With all this time, you would think that the holders of the first choice would have already made a decision for their selection.
Orlando Magic president Jeff Weltman sees things differently.
“I’m telling you, it’s still early in the process,” Weltman said Monday.
But Weltman sees no reason to make a move until absolutely necessary, especially given the opportunity Orlando has by holding the No. 1 pick.
“The dialogue is still ongoing,” Weltman said. “But the most important thing is that we can do whatever we want. That’s the real benefit of having the first choice. »
The main candidates for the pick are well known: Auburn’s Jabari Smith Jr. trained for Orlando earlier this month, Gonzaga’s Chet Holmgren met the Magic for several days last week and Duke’s Paolo Banchero trained with former Magic guard Mike Miller.
Weltman wouldn’t say those are the only three candidates Orlando would consider hiring for the No.
“There are a lot of talented players at the top of this draft, that’s for sure,” Weltman said.
This is the fourth time Orlando has made the No. 1 pick. In 1992, the Magic chose Shaquille O’Nea. Chris Webber was Orlando’s first pick in 1993, and he was traded that same night for Penny Hardaway and a host of future picks who eventually turned into Vince Carter and, later, Miller. And in 2004, the Magic selected Dwight Howard with the first pick.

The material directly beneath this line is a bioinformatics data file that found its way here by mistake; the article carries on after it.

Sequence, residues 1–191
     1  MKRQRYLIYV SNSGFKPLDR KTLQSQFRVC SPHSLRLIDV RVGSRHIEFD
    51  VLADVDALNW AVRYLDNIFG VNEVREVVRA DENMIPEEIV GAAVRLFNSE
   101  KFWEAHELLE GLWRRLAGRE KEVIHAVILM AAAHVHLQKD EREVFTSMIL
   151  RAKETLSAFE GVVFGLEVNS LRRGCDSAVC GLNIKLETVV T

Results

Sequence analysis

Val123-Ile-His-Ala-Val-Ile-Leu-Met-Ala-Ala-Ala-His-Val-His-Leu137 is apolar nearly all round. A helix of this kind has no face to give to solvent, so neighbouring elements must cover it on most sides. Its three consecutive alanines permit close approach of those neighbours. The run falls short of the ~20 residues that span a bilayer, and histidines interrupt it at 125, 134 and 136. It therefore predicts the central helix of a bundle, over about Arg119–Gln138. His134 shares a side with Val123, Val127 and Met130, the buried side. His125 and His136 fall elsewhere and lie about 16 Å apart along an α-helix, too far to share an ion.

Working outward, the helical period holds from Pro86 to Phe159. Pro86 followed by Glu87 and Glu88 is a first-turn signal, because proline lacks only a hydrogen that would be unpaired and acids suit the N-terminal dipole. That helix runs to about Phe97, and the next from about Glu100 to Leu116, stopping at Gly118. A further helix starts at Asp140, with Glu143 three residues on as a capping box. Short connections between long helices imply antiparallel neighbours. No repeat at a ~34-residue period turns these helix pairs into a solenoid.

Thursday’s first pick will join a young core in Orlando that already includes Markelle Fultz, the first pick in the 2017 draft, Franz Wagner and Jalen Suggs, two of the top picks in the 2021 draft, and Cole Anthony, the 15th pick in the 2020 draft.
Orlando also owns the No. 6 picks in the 2017 and 2018 draft, Jonathan Isaac and Mo Bamba. It’s possible that at the start of next season, Orlando will have as many as six lottery picks, nine top-16 picks and 12 first-round picks in its roster.
It’s all part of the challenge for the Magic – which also have picks No. 32 and No. 35 this year – ahead of Thursday: Find more youngsters who fit into the current core, find ways to be better next season and sustainably better for years to come.
“We want to improve, but not at the cost of a return to mediocrity,” Weltman said. “And we want to have something lasting. But for that, we have to raise our level. »